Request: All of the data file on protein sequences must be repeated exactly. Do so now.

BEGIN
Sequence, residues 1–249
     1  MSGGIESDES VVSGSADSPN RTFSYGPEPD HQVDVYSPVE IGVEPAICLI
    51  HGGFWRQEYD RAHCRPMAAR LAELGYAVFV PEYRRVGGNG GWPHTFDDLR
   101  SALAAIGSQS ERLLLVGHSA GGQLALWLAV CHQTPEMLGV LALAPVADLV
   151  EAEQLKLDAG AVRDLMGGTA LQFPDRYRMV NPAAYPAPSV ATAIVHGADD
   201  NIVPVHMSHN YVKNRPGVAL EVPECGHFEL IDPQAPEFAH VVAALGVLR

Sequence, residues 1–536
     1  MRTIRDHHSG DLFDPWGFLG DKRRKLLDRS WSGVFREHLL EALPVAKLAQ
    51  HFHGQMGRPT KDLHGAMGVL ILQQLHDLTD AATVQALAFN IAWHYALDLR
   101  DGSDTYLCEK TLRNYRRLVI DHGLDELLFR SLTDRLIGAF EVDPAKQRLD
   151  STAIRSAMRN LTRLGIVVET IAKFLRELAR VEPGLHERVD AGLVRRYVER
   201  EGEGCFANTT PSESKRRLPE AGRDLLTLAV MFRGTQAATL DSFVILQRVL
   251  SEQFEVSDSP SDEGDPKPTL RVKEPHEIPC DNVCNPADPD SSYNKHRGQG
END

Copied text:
Sequence, residues 1–249
     1  MSGGIESDES VVSGSADSPN RTFSYGPEPD HQVDVYSPVE IGVEPAICLI
    51  HGGFWRQEYD RAHCRPMAAR LAELGYAVFV PEYRRVGGNG GWPHTFDDLR
   101  SALAAIGSQS ERLLLVGHSA GGQLALWLAV CHQTPEMLGV LALAPVADLV
   151  EAEQLKLDAG AVRDLMGGTA LQFPDRYRMV NPAAYPAPSV ATAIVHGADD
   201  NIVPVHMSHN YVKNRPGVAL EVPECGHFEL IDPQAPEFAH VVAALGVLR

Sequence, residues 1–536
     1  MRTIRDHHSG DLFDPWGFLG DKRRKLLDRS WSGVFREHLL EALPVAKLAQ
    51  HFHGQMGRPT KDLHGAMGVL ILQQLHDLTD AATVQALAFN IAWHYALDLR
   101  DGSDTYLCEK TLRNYRRLVI DHGLDELLFR SLTDRLIGAF EVDPAKQRLD
   151  STAIRSAMRN LTRLGIVVET IAKFLRELAR VEPGLHERVD AGLVRRYVER
   201  EGEGCFANTT PSESKRRLPE AGRDLLTLAV MFRGTQAATL DSFVILQRVL
   251  SEQFEVSDSP SDEGDPKPTL RVKEPHEIPC DNVCNPADPD SSYNKHRGQG